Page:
Being nocturnal means light levels are low, which makes having great vision less of an advantage than it would be during the day. Instead of depending on their sight, bats use sound to navigate their world. Specifically, they use echolocation.
Bats emit supersonic sounds and listen for the echo that gets reflected back when their cries hit off of objects. This is how they avoid flying into objects, how they find food mid-flight, and how they can avoid a silently-flying owl that’s swooping in for a meal.
You can use their advanced sense of hearing to repel them with specific sounds and noises that scare bats!
Bats Emit Distress Calls
Bats make a lot of racket while roosting and while flying out and about in search of food. They have even been known to purr!
In addition to normal supersonic sounds to give them an idea of where they are, bats also emit distress calls when they see predators. An article in the Journal of Comparative Physiology found that distress calls serve two purposes:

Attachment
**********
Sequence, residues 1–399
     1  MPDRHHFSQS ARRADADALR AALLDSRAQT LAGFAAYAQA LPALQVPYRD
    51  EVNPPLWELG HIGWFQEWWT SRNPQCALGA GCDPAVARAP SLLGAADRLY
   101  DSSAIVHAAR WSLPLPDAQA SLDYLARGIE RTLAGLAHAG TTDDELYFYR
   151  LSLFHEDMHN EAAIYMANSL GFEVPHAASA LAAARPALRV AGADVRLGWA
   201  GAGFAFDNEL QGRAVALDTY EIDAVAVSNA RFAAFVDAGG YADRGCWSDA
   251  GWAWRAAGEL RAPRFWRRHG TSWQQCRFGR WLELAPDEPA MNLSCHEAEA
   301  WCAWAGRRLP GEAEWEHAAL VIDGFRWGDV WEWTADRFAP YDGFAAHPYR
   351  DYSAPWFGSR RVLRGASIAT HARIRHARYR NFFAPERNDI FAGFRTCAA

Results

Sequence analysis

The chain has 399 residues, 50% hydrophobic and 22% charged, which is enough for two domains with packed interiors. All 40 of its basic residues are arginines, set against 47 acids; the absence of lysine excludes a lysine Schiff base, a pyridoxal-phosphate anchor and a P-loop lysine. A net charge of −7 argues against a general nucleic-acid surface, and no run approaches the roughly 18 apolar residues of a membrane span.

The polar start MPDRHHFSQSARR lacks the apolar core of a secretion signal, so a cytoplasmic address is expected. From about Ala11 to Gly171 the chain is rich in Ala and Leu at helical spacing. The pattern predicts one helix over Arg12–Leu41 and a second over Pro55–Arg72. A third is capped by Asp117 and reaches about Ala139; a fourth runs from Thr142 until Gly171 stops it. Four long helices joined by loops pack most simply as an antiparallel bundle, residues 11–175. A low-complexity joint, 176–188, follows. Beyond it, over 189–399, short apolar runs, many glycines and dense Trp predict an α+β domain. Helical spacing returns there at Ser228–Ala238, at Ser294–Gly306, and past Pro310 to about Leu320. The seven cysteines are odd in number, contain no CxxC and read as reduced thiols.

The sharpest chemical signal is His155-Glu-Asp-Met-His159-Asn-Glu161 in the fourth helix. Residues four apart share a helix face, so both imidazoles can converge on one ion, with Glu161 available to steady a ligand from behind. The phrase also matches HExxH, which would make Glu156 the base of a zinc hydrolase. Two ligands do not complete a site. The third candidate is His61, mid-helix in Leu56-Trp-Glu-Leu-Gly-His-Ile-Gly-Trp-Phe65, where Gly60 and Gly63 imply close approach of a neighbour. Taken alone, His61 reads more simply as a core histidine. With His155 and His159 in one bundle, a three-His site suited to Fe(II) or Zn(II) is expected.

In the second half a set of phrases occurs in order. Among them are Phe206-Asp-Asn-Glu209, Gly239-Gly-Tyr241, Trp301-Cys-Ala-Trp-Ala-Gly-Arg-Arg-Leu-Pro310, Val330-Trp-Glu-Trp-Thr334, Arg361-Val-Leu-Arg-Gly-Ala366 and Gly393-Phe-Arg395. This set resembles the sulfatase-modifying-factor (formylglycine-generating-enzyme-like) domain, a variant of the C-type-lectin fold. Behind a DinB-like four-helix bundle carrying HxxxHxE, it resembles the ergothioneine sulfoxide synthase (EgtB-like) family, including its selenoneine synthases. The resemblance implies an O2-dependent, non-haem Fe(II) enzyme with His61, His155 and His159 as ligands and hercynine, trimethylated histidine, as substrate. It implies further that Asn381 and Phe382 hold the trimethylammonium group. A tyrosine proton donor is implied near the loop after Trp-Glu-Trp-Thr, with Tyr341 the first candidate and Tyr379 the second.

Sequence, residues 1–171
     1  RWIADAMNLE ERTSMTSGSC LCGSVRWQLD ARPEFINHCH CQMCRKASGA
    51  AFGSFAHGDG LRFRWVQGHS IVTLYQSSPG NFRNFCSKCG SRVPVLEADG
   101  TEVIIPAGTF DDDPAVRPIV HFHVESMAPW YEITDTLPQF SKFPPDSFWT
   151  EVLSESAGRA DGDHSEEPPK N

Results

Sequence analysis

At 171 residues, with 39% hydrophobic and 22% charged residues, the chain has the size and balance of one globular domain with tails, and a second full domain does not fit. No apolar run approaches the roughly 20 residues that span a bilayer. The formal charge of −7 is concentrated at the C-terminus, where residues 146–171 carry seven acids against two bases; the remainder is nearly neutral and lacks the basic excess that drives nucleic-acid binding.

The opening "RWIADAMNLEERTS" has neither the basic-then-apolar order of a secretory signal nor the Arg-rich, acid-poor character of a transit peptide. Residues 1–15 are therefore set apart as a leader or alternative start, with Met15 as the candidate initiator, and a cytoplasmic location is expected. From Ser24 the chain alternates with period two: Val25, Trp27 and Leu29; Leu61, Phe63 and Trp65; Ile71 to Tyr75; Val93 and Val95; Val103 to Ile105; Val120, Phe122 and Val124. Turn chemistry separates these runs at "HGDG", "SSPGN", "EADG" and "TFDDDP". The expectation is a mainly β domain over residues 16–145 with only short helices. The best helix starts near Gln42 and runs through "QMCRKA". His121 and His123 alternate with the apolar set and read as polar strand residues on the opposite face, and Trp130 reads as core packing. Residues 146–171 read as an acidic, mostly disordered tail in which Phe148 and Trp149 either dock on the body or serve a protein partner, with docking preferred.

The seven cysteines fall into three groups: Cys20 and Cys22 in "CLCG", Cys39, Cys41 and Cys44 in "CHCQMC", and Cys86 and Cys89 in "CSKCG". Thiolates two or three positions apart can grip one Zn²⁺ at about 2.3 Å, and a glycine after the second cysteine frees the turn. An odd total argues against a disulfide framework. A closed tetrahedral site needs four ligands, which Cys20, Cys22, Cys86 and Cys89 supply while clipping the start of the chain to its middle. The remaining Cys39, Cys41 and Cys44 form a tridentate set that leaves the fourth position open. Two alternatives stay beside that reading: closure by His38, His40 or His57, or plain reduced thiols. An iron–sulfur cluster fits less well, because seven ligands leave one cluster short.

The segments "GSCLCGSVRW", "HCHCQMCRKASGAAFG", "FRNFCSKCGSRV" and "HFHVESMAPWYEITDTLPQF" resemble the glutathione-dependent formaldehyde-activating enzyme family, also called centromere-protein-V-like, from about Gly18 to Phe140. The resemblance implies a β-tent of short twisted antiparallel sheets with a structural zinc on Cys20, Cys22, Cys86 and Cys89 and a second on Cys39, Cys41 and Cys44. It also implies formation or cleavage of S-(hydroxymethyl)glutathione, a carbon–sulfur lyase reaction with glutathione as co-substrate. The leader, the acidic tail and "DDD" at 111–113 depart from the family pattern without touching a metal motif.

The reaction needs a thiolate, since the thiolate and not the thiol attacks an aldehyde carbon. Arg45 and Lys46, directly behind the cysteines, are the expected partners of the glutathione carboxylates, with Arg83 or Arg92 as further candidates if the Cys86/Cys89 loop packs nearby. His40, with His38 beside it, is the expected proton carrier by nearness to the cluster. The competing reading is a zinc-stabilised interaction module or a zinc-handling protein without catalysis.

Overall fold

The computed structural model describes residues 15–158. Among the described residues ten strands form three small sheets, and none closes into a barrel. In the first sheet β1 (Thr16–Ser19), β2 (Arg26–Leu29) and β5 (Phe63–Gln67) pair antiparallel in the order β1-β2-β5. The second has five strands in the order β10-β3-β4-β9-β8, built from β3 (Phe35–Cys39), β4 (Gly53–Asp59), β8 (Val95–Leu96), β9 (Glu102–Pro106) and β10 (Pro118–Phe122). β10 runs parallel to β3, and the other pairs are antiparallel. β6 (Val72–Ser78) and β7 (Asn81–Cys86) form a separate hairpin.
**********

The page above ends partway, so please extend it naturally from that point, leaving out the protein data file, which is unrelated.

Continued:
- To warn other bats that potential danger is around
- To warn predators that the bat is prepared to defend itself.
This clever defense mechanism helps nearby bats to flee the area quickly and avoid becoming a meal. It also serves to deter predators who may be less inclined to go after a bat once the bat realizes it is there.
9 Natural Predators That Eat Bats
Despite a bat’s best efforts, there are still times when predators are successful in their pursuit of these flying mammals. Many predators on our list have developed ways to get around a bat’s defense mechanism. Others are simply sneaky enough to catch bats off guard while they are sleeping.
By the way, if you’re having problems with bats in and around your house, we recommend trying out a bat box!